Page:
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Stratford upon Avon Church. From a sepia drawing, obligingly com This structure is spacious and handsome, municated by J.S.J., the reader is presented and was formerly collegiate, and dedicated with this view of a church, “hallowed by to the Holy Trinity. A row of limes being the sepulchral enclosure of the re- trained so as to form an arched avenue mains of the immortal Shakspeare.” It form an approach to the great door. A exemplifies the two distinct styles, the representation of a portion of this plea early pointed and that of the fourteenth entrance is in an engraving of the church century. The tower is of the first con- in the “ Gentleman's Magazine

for 1807. struction; the windows of the transepts Another opportunity will occur for rela possess a preeminent and profuse display ting particulars respecting the venerable of the mullions and tracery characteristic cdifice, and the illustrious bard, whose birth of the latter period."

and burial at Stratford upon Avon confer

on the town imperishable fame. • Mr. Carter, in the Gentleman's Magazine, 1816. l'ul. I.--15

Garrick Plays.

With my warm fervour to give metals, trees,

Herbs, plants and Aowers, lise. Here in gardens walk No. XII.

Loose Ladies with their Lovers arm in arm. (From the “ Brazen Age," an Historical

Yonder the laboring Plowman drives his team. Play, by Thomas Heywood, 1613.]

Further I may behold main battles pitcht;

And whom I favour most (by the wind's help)
Venus courts Adonis.

I can assist with my transparent rays.
Venus. Why doth Adonis Aly the Queen of Love, Here spy I cattle feeding; forests there
And shun this ivory girdle of my arms ?

Stored with wild beasts ; here shepherds with their To be thus scarf'd the dreadful God of War

lasses, Would give me conquer'd kingdoms. For a kiss,

Piping beneath the trees while their docks graze. But half like this, I could command the Sun

In cities I see trading, walking, bargaining, Rise 'fore his hour, to bed before his time;

Buying and selling, goodness, badness, all thingsAnd, being love-sick, change his golden beams,

And shine alike on all. And make his face pale as his sister Moon.

Vel. Thrice happy Phæbus, Look on me, Adon, with a stedfast eye,

That, whilst poor Vulcan is confin'd to Lemnos, That in these chrystal glasses I may see

Hast every day these pleasures. What news else? My beauty that charms Gods, makes Men amazed

Phæb. No Emperor walks forth, but I see his state ; And stown'd with wonder. Doth this roseat pillow

Nor sports, but I his pastimes can behold. Offend my Love?

I see all coronations, funerals, With my white fingers will I clap thy cheek;

Marts, fairs, assemblies, pageants, sights and shows. Whisper a thousand pleasures in thy ear.

No hunting, but I better see the chace Adonis. Madam, you are not modest. I affect

Than they that rowse the game. What see I not? The unseen beauty that adorns the mind :

There's not a window, but my beams break in ; This looseness makes you foul in Adon's eye.

No chink or cranny, but my rays pierce through ; If yon will tempt me, let me in your face

And there I see, O Vulcan, wondrous things: Read blusfulness and fear; a modest fear

Things that thyself, nor any God besides, Would make your cheek seem much more beautiful.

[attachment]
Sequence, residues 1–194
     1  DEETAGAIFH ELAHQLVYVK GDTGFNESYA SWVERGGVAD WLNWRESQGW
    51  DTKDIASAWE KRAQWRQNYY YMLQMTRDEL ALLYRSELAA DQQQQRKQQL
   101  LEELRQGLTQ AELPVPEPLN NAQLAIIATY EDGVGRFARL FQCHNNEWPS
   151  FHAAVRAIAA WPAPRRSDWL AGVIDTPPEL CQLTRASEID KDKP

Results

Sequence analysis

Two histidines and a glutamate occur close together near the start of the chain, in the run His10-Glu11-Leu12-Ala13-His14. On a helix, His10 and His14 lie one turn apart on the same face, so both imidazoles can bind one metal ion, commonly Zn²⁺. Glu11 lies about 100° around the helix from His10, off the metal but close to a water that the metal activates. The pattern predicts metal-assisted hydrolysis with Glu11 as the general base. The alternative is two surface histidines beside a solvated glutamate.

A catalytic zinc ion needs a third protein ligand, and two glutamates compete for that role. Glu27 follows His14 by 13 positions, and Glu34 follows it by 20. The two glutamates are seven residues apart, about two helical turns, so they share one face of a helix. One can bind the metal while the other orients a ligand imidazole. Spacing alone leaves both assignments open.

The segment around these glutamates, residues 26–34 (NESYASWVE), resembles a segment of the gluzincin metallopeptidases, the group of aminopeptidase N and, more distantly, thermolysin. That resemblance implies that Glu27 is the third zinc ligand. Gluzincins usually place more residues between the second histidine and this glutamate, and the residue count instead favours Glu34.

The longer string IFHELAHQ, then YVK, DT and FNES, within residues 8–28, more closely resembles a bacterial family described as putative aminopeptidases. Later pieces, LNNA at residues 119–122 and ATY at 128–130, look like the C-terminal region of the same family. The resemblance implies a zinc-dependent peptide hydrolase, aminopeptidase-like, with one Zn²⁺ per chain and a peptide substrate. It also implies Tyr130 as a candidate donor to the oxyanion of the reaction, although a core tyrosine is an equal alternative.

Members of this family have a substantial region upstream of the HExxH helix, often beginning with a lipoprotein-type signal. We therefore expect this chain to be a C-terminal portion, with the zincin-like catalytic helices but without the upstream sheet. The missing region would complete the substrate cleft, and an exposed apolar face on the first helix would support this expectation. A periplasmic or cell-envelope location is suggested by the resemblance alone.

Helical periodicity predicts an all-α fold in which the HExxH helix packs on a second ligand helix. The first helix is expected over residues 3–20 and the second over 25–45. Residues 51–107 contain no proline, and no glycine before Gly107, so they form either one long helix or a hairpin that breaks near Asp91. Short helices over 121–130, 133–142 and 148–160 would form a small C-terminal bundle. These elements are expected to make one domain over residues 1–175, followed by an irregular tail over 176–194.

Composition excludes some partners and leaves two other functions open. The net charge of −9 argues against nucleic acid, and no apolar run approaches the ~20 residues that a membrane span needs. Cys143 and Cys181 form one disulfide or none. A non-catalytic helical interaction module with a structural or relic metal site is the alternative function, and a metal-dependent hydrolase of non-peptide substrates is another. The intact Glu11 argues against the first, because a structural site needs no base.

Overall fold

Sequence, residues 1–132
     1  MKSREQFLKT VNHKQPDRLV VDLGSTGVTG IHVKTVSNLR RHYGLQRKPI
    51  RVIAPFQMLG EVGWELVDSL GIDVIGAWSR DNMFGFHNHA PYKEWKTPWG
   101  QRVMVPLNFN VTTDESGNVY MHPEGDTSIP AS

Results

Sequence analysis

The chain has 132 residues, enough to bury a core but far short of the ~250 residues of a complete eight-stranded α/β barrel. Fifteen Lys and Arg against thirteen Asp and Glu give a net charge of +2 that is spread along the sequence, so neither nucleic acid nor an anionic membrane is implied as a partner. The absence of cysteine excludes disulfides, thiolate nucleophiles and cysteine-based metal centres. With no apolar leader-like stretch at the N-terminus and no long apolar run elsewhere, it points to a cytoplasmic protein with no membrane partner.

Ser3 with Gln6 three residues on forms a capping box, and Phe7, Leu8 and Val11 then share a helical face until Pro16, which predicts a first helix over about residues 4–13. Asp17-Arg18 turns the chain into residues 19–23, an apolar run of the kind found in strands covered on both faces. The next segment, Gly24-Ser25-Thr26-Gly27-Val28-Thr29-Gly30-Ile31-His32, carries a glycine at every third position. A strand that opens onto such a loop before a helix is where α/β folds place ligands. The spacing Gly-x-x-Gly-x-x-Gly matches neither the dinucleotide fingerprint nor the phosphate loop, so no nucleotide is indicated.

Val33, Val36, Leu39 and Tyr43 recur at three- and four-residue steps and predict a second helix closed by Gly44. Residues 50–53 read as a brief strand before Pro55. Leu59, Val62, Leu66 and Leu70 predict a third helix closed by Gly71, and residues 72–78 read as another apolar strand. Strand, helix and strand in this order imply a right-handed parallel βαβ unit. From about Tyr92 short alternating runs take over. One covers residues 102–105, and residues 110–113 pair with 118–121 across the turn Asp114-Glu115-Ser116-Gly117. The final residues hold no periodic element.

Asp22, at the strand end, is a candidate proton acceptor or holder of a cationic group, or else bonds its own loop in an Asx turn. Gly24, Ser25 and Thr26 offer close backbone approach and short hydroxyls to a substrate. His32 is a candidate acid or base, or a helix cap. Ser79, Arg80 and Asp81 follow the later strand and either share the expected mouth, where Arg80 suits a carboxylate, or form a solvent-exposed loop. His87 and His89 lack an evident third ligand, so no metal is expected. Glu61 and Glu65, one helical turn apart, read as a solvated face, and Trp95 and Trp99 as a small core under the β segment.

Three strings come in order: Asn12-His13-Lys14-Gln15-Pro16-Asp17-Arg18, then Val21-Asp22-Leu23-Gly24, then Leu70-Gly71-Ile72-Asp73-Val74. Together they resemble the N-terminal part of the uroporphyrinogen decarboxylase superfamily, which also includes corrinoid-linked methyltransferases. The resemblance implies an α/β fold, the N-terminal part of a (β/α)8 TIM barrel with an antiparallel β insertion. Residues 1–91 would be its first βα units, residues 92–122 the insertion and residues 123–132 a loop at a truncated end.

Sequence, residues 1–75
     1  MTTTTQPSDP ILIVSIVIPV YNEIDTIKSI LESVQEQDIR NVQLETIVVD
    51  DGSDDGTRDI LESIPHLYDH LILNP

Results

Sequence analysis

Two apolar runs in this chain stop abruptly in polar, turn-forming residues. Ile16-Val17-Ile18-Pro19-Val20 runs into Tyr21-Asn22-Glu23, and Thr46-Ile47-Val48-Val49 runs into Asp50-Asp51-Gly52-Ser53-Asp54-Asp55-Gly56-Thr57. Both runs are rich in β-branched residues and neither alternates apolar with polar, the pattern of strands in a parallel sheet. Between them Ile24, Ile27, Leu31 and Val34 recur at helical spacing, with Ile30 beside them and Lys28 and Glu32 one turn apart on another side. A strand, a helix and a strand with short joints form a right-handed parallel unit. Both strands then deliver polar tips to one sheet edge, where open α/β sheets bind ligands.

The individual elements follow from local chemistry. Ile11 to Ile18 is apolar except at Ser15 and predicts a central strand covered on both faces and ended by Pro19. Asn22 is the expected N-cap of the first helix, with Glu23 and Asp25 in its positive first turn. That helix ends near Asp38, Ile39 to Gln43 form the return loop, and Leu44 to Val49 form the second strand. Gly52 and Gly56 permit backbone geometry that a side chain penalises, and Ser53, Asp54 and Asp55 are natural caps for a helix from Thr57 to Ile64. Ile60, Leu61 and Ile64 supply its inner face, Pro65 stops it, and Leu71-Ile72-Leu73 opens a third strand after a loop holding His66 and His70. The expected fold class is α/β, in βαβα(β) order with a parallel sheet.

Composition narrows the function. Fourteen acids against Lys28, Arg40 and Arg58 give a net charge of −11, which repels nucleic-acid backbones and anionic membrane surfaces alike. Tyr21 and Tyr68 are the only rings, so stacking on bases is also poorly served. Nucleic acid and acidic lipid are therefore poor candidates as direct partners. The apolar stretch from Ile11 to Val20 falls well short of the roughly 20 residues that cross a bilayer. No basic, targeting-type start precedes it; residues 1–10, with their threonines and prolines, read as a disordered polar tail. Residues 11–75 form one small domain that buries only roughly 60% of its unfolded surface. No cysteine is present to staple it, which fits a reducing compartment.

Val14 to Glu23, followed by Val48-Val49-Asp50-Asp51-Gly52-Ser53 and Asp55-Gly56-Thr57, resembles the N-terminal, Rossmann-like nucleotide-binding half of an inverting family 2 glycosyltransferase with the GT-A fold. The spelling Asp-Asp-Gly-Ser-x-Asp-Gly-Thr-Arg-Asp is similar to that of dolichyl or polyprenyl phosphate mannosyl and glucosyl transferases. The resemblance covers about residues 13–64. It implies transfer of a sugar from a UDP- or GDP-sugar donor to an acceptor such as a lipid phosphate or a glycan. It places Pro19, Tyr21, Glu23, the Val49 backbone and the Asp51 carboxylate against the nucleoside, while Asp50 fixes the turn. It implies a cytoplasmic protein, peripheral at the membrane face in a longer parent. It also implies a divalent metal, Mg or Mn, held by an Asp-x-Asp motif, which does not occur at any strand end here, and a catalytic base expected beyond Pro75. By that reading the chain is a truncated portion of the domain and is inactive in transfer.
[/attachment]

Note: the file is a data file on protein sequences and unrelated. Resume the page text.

Would give belief to. Venus. wert thou made of stone,

And, shall I te l thee, Vulcan, 'tother day I have heat to melt thee; I am Queen of Love.

What I beheld ?-I saw the great God MarsThere is no practive art of dalliance

Vul. God MarsOf which I am not mistress, and can use.

Phæb. As I was peeping through a cranny, a-bedI have kisses that can murder unkind words,

Vul. Abed! with whom ?—some pretty Wench, I And strangle hatred that the gall sends forth;

warrant. Touches to raise thee, were thy spirits half dead ;

Phæb. She was a pretty Wench. Words that can pour affection down thy ears.

Vul. Tell me, good Phæbus, Love me! thou can'st not chuse; thou shalt not chuse.

That, when I meet him, I may Aout God Mars; Adonis. Madam, you woo Dot well. Men covet not

Tell me, but tell me truly, on thy life. These proffer'd pleasures, but love sweets denied.

Phæb. Not to dissemble, Vulcan, 'twas thy Wife! These prostituted pleasures surfeit still ; Where's fear, or doubt, men sue with best good will. The Peers of Greece go in quest of Venus. Thou canst instruct the Queen of Love in Hercules, and find him in woman's weeds, love.

spinning with Omphale. Thou shalt not, Adon, take me by the hand;

Jason. Our business was to Theban Hercules. Yet, if thou needs will force me, take my palm,

'Twas told us, he remain'd with Omphale, I'll frown on him : alas ! my brow's so smooth,

The Theban Queen. It will not bear a wrinkle.Hie thee hence

Telamon, Speak, which is Omphale? or which AlUnto the chace, and leave me ; but not yet:

cides? I'll sleep this night upon Endymion's bank,

Pollur. Lady, our purpose was to Hercules ; On which the Swain was courted by the Moon.

Shew us the man. Dare not to come; thou art in our disgrace:

Omphale. Behold him here. Yet, if thou come, I can afford thee place!

Atreus. Where?

Omphale. There, at his task.
Phæbus jeers Vulcan.

Jason. Alas, this Hercules !.
Vul.

Good morrow, Phæbus; what's the news This is some base effeminate Groom, not he
abroad?

That with his poissance frighted all the earth.
For thou see'st all things in the world are done,

Hercules, Hath Jason, Nestor, Castor, Telamon, Men act by day-light, or the sight of sun.

Atreus, Pollux, all forgot their friend ? Phæb. Sometime I cast my eye upon the sea,

We are the man. To see the tumbling seal or porpoise play.

Jason. Woman, we know thee not: There see I merchaots trading, and their sails

We came to seek the Jove born Hercules, Big-bellied with the wind ; sea fights sometimes That in his cradle strangled Juno's snakes, Rise with their smoke-thick clouds to dark my beams. And triumph'd in the brave Olympic games. Sometimes I fix my face upon the earth,

He that the Cleonean lion slew,